Loader progress window (Can a Splash screen be added to the Windows version of Gramps)

Could a loader progress window be created when starting Gramps?

A number of the negative Reviews on Gensoft trace back to attempting to double-launch Gramps.

With all of the Python modules being loaded (including Gramplets), the delay between double-clicking the application and the icon appearing is long. (29 seconds on my Windows10 box and another 15 seconds registering the plug-ins.)

New users often think the application failed to launch and double-click again… and again.

Some sort of fast appearing tiny progress dialog would alleviate that particular confusion.

Gramps for Windows Review by David Warren, Aug 30, 2017

Rating 4 out of 54 out of 54 out of 54 out of 54 out of 5

Gramps totally ceases up mys win 10 system to the point that a ’system ‘crash’ and cold boot is necessary to resume operations.

When I try to open the program it says it is already running, although it does not appear so on either the screen or tray and the base of the screen.

Gramps for Windows Review by J, Jan 11, 2017

Rating 1 out of 51 out of 51 out of 51 out of 51 out of 5

I am very frustrated. I don’t know whether this is just awful software; nobody has tried it on Windows 10 or I am doing something dumb. I have uninstalled it about 10 times. My computer says it is successful uninstalled. I restart. I download again. I select the option for the program to be used by anyone using my computer.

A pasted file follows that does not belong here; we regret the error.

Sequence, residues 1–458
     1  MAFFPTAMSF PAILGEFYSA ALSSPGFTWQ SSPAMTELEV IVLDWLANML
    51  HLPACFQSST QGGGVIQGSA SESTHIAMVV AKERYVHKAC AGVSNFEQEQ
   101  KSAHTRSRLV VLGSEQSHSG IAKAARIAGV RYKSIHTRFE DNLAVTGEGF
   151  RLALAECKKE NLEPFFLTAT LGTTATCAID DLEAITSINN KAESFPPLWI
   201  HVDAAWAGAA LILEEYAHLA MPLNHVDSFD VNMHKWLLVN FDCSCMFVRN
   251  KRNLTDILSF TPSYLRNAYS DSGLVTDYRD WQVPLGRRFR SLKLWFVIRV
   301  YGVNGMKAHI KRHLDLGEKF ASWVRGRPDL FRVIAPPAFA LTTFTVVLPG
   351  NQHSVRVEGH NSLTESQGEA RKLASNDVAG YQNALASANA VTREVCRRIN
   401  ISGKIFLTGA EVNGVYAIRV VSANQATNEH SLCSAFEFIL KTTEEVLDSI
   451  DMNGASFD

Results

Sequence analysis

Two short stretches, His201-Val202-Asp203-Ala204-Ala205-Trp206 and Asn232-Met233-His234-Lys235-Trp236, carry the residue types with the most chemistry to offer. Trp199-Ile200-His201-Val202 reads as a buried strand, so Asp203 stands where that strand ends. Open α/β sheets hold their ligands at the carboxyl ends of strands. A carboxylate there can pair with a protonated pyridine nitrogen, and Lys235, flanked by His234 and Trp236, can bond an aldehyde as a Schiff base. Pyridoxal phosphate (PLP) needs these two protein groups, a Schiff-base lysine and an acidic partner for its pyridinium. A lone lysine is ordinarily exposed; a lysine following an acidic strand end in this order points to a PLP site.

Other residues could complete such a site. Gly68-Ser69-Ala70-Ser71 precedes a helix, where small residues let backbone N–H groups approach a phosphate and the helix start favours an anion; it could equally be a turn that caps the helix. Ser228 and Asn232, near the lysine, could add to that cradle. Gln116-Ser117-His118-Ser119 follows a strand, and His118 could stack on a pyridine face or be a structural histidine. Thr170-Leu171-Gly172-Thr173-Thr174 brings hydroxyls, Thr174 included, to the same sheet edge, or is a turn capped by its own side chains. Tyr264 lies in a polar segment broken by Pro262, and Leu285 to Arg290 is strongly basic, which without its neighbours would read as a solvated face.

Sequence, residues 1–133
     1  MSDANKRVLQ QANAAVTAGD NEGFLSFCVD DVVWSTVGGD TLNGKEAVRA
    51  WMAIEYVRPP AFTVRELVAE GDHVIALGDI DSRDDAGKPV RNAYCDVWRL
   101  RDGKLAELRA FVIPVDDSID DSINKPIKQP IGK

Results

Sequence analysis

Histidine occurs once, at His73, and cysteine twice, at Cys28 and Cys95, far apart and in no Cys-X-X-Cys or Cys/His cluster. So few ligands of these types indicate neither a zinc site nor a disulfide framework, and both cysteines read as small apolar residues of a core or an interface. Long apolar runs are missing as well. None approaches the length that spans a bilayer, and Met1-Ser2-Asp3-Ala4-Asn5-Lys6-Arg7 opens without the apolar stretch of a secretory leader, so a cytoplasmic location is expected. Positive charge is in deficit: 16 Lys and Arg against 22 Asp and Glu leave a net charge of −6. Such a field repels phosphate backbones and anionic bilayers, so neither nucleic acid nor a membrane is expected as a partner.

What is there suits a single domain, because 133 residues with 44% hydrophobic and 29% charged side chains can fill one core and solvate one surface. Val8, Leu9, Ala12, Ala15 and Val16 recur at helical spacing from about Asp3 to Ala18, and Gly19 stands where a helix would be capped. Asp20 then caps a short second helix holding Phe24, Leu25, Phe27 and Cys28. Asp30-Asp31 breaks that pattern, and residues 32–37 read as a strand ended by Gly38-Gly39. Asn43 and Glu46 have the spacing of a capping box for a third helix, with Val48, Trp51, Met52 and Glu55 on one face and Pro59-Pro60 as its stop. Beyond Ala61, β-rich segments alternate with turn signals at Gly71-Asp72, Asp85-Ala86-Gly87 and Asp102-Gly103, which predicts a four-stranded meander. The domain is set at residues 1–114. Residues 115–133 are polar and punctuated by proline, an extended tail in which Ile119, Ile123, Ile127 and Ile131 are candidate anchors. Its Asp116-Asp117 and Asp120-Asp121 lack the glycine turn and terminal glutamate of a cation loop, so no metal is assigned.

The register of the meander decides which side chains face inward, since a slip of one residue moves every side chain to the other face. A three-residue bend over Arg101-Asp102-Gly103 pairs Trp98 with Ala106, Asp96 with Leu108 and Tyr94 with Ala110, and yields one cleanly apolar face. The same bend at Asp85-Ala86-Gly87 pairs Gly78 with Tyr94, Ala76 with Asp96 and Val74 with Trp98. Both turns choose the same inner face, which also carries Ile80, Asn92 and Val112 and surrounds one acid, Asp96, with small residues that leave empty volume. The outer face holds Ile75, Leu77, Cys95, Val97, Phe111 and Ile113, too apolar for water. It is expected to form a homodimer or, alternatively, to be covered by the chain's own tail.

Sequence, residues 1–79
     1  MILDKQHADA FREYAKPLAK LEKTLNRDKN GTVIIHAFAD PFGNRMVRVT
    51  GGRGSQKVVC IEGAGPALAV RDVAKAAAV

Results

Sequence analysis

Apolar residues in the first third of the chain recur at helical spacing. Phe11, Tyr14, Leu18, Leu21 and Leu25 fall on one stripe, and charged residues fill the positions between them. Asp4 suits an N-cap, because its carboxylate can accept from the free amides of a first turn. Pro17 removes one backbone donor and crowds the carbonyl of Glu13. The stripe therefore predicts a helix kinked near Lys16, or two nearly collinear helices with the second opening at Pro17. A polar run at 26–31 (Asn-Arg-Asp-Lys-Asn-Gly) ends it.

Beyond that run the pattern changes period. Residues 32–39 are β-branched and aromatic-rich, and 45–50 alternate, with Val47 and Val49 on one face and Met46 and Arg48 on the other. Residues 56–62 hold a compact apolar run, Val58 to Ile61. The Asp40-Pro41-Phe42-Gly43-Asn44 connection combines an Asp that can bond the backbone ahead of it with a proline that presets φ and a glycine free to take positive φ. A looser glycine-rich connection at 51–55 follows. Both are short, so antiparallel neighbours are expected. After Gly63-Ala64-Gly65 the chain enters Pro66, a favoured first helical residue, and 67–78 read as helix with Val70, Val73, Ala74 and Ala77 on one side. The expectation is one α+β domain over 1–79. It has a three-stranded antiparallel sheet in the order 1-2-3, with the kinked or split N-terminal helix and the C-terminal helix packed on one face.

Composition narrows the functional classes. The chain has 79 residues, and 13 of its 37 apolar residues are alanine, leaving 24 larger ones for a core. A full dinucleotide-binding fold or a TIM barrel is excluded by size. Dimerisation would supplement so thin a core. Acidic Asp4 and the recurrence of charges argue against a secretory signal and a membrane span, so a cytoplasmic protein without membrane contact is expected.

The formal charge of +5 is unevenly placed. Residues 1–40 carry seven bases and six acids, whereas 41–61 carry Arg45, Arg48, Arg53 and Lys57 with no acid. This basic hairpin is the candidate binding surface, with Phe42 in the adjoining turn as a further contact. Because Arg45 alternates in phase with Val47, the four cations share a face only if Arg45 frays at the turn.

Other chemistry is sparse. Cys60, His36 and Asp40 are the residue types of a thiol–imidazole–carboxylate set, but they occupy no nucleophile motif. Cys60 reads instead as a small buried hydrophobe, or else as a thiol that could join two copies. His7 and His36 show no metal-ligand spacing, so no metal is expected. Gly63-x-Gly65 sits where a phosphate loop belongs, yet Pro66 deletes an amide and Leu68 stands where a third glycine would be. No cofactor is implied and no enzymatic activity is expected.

When I reinstall, I get an error message saying “Gramps is already running.” If so, I can’t see it and it should not be running. Then I see all the old trees I can’t open—that’s why I reinstalled! I try to import a GEDCOM. (I’ve also downloaded that about 10 times from a different site.) It says it’s locked by me, even though I selected the option for anyone using my computer to be able to use the program. It says to use the “force unlock” option. I can’t find such an option. The links on the dashboard to the Gramps site do not work at all. If I go to the site and use the wiki, half the links are to things different from what is indicated. I can’t find the force unlock option anywhere.